With four Olympic and 14 world championship medals, Sarah Hammer is one of America’s most decorated track cyclists. Most recently, she won two silver medals at the Rio 2016 Olympic Games — in omnium and team pursuit.
After Rio, it was a safe bet that Hammer would retire. She was one of the oldest track cyclists competing at the 2016 Games. And what else was there for her to win? Except perhaps Olympic gold. She had given it her all in Rio though and was satisfied with her two silvers — to go with her two silver medals from the 2012 Olympic Games.
But the 33-year-old veteran has not hung up her wheels yet.
Instead, Hammer has switched her focus — from the against-the-clock track events in which she has won her Olympic and world championship medals (individual pursuit, team pursuit and omnium, track cycling’s “decathlon” where points were once accrued through six races, half of which were against the clock; the format has since changed) to mass start events that require more tactics.
“It’s true racing, head to head,” said Hammer by phone from the airport on her way to Hong Kong for the 2017 UCI Track Cycling World Championships. “A lot of times, it isn’t the fastest person who wins, it’s the smartest person.”
Hammer’s conversion from top pursuit and omnium rider to mass start cyclist has been quick. It started after a long post-Olympic vacation in Nepal and India last fall with her husband, Andy Sparks. It was a trip she had dreamed about for a long time, especially hiking in Nepal.
“That is my enjoyment, not riding the bike, just walking and clearing my head in the mountains,” she said. “That was a really wonderful way to finish out the season.”
After they returned stateside in November, Hammer was invited to Colombia to compete in a fun track race. At first, she demurred, telling her hosts that she was not in good cycling shape. But they insisted she come for the fans.
“So I went down there and my tongue was in my spokes,” she said with a laugh.
Hammer returned home to Temecula in southern California and began training again. But rather than continue with the same program she had pursued for almost two decades, she wanted a change. Or rather, she wanted to return to her roots: mass start racing.
“When you’re a 14- or 15-year-old, you don’t do time trials,” she said. “You learn how to race your bike [in a pack of riders]. So it’s kind of a way for me to get back to where I started.”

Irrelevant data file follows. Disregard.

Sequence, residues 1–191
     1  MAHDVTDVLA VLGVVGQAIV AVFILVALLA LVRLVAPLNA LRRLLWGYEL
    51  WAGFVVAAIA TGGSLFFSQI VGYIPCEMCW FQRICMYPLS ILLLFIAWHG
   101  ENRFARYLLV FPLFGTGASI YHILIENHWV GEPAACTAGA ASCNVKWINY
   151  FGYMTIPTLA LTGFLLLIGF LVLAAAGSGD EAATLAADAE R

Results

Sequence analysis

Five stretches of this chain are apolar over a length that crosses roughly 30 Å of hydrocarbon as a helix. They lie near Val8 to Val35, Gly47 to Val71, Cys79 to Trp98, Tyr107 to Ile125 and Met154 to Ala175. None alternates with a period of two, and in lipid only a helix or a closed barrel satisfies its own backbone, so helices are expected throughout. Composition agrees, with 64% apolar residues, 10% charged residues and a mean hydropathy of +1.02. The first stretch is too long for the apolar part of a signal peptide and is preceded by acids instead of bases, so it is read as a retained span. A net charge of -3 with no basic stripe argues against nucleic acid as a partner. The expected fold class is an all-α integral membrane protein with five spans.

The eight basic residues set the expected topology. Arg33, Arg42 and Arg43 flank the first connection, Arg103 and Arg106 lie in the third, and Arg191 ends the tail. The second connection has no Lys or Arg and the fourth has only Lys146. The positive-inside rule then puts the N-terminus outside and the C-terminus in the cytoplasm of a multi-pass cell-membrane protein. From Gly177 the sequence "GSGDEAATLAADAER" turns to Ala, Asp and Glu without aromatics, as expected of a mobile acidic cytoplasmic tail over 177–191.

These mass start events include the points race (where points are won in sprints every 10 laps over 25 kilometers, or 100 laps) and the scratch race (where the first across the line after 10 kilometers or 40 laps wins, with cyclists trying to lap the field to ensure victory). The elimination race is part of the omnium and is also a mass start event. Cyclists sprint for the line every two laps, and the last cyclist across the line is eliminated until only the winner remains.
The omnium is now a mass start event as well. After Rio, the UCI reformatted the omnium, reducing the six-event competition to four, all held in the same day (not over two days). And the four events are all mass starts: the points, elimination and scratch races remain, and a new 7.5-kilometer “tempo” race was added. In the tempo race, points are awarded for sprints held every lap after the first four.
Gone from the omnium is the individual pursuit, an event in which Hammer earned many points toward her overall omnium ranking in past Olympic Games, world championships and world cups. The new format — where female cyclists race over 30 miles in one day, with each race punctuated by hard sprints — favors savvy cyclists who excel at endurance events.
In addition to being grueling, mass starts are unpredictable, fraught with crashes and other mishaps. And one tactical misstep (getting boxed in or being at the back of the pack when someone attacks off the front) can lead to defeat. But for these reasons, mass start races are exciting.
“There are a lot of tactics that come into [mass start racing],” explained Hammer. “Of course, you need to be strong, but it’s all about smarts and tactics and truly just beating people with a lot of others in the race.”
Hammer traveled to Cali, Colombia, in mid-February for UCI World Cup #3 and competed in the points and scratch races, as well as the omnium.
“If I’m good, I’m good, and maybe I’ll go to worlds,” she thought.
She was good — winning the scratch race and taking silver in the points race. In the omnium, she finished fifth.
At 2017 worlds, her goal is to win the points race. She will also compete in the scratch race and omnium at worlds.
She is aware that anything can happen in mass start events. But she is confident that at least one rainbow jersey is within reach — to go with the eight that she already has in her wardrobe.
“I wouldn’t be on the plane to Hong Kong if I didn’t think that it was possible,” she said. “My goal is to bring home another world champion’s jersey. Every race I line up for, I will be going for that.”
Although listed on the team pursuit squad, Hammer will only compete if one of the other four women is injured. Racing the team pursuit will be Rio silver medalists Chloe Dygert, Jennifer Valente and Kelly Catlin, and Kim Geist, who won a bronze medal in the points race at 2015 worlds.
After world championships, Hammer does not know how much longer she will compete. She and her husband want to start a family.
“That’s the next goal in life,” she said. “So we’ll see where life takes us.”
A freelance writer based in Vermont, Peggy Shinn has covered four Olympic Games. She has contributed to TeamUSA.org since its inception in 2008.